I’m celebrating a year of blogging with my first annual review. Last February I tentatively started recording my drawings as a way of disciplining myself to make the effort to go out and draw when I wasn’t working in an office, and share my work with my wonderful supportive friends. A year on, I don’t quite recognize that rather lost and lonely girl, who felt smothered, and pushed and pulled in uncomfortable directions. This blog has played a small part, as I’ve got to grips with how personal my drawings are to me. I hope regulars will have noticed how my drawings have progressed over the year, but here I will highlight some factors that have shaped my creative path.
The first half of the year was difficult, dominated by juggling the fear of leaving a career I loved against the fear of continuing without ever knowing what I could be capable of creatively. Dabbling in illustration has been an education, but I have learnt that, like many design disciplines, it is far from satisfying enough if you have more to express. Putting together a portfolio together after years of not drawing enough was lonely and frustrating, but paid off. Life truly began in late summer. Within a month I moved to Wapping, started the Drawing Year, a new job, met a host of wonderful new acquaintances, started cycling.
Night-drawing. A surprise joy of the course. These cold nights have made me see architecture in literally and metaphorically new lights, and I hope are slowly changing my approach and loosening my style.
Meeting many inspiring people from all walks of life. It’s a joy to spend time with truly creative people, who live and breathe through their eyes and the marks they make. Tutors and students alike, we’re all a little eccentric, but we’re in it together, and I’ll never feel lonely again.
Live drawing. Bakers, mechanics, chefs, musicians, dancers, crowds… all have been a healthy break from architecture, and caused me to draw faster, look harder, and eventually let loose and flow with the speed and movement of my subject. On a personal level, it has been a privilege and inspiring to spend time with people who are truly following their passions. They really are a different breed. I have enormous respect for so many talents, and love that my own skills and hands are tracing those of another, recording transient events and pleasures.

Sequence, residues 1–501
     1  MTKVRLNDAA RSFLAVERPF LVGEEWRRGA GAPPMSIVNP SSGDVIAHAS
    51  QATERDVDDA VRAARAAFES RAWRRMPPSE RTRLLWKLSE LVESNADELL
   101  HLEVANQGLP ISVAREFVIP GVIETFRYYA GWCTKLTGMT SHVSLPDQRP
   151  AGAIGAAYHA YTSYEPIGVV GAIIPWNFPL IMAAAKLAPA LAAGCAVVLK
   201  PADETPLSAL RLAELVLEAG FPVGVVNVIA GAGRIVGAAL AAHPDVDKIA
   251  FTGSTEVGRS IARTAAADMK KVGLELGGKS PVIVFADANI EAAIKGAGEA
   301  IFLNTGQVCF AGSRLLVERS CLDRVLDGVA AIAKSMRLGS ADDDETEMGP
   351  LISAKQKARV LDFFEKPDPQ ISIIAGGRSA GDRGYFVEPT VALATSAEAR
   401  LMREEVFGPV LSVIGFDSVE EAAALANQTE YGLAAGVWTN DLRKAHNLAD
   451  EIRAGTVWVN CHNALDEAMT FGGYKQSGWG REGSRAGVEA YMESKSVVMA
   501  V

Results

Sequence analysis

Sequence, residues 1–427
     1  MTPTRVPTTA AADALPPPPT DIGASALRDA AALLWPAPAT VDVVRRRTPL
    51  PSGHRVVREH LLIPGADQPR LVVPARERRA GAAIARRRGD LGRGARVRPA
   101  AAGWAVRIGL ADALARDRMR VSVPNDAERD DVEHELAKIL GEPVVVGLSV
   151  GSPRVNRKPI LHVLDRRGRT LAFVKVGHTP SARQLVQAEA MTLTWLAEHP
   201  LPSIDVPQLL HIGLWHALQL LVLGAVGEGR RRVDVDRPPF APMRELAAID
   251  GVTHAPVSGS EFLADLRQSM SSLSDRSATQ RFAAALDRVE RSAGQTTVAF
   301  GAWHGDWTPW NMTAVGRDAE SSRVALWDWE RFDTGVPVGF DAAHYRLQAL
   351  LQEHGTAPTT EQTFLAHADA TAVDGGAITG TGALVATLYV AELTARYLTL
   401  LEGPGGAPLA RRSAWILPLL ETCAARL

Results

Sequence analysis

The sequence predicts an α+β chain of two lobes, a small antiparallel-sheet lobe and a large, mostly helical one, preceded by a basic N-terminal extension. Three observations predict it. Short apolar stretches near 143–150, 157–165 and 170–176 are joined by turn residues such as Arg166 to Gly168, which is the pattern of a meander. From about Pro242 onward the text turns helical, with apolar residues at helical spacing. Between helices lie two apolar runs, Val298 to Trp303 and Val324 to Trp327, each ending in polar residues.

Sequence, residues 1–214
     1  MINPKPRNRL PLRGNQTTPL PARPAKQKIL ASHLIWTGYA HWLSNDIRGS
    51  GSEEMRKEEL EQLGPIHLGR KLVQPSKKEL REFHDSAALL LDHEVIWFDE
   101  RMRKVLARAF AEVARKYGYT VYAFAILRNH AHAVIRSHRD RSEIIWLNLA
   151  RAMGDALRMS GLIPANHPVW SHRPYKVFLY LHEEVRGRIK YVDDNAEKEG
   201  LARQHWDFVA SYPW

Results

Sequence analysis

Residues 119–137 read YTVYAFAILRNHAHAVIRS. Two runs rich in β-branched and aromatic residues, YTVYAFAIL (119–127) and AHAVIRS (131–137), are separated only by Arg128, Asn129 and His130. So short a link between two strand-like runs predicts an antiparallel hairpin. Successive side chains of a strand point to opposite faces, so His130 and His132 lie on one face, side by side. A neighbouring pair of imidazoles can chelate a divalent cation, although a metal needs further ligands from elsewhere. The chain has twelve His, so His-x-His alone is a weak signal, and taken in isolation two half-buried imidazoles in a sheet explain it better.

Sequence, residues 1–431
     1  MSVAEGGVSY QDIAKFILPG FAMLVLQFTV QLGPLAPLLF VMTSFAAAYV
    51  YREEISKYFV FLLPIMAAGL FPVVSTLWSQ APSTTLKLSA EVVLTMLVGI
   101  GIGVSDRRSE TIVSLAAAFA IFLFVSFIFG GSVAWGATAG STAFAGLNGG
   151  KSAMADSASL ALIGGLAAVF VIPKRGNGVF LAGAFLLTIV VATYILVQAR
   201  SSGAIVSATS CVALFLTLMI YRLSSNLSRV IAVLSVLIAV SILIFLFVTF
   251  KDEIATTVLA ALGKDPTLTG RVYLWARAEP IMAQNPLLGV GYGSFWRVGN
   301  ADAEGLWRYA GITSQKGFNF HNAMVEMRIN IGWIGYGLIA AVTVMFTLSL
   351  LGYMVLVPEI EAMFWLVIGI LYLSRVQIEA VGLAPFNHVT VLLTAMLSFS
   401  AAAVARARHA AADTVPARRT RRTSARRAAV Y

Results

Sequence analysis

Exposure. Spitalfields Life, publications, beer labels, a taxi, an exhibition, a stack of subscribers. All have boosted my confidence enormously and sometime, rather unexpectedly, forced me to turn the mirror. This blog now averages over a thousand hits a month, and brings in offers of new things to draw. It astonishes me that many people return for what are essentially my random but honest ramblings and drawings. Twitter is a new and daunting world, but enforces my discipline of ‘not a day without a line’ (as Vincent Van Gogh once wrote to his brother Theo) and is slowly linking me to a new audience.
Wheels. I can’t begin to explain how big a difference cycling around London has made to my life. Freedom, fresh air on my face, speed, endorphins, discovering new areas of London, cycling with friends, and the spectacular views alone warrant their own blog post. Cycling around our fair city has been a huge contributor to my general happiness and I can’t preach enough in recommending it to all.
Conclusions. Hindsight is an easy thing, but I hadn’t realized quite how unhappy I’d been this time last year, simply because I’ve never been as genuinely happy as I am now. And scanning over a year of drawing, I feel a lot’s been accomplished in the last six months artistically, and in turn, personally. My hands are constantly filthy with pencil, charcoal, paint, printing ink, or failing those, bike grease, but always itching for more. There’s been some odd side-effects. Being creatively and academically challenged has actually led to my all-round stress levels subsiding considerably. I’m told I seem to live in skirts these days and my skin has never been better, which is nice, I can only blame being happier as it’s certainly not healthy eating or a reduced alcohol intake. I’ve no idea where this goes, so much as happened recently that I’ve no idea what this next year will bring. I now draw automatically well on most days, but this ability has its own drawbacks and can make me complacent. If I could make only one target for the next year, it is to have the confidence to express myself in as much of my work as I can, rather than just being competent. I’ve been so excited by rediscovering drawing that I’ve been an impatient character, wanting to draw and try everything, and now feel I’m spread a bit thin. Over the next year I must learn to slow down, focus, and identify my strengths. I guess that means I want to be a true artist. Eek. But in the meantime every day I draw, learn, love, relish, and every day I count myself enormously lucky.
Thank you to everyone who’s followed my journey over the last year, and left comments or got in touch. It’s really lovely to know that there are I people I don’t know, even across the seas, keeping an eye on me. And I hope that whoever you are, you’re following your own passion.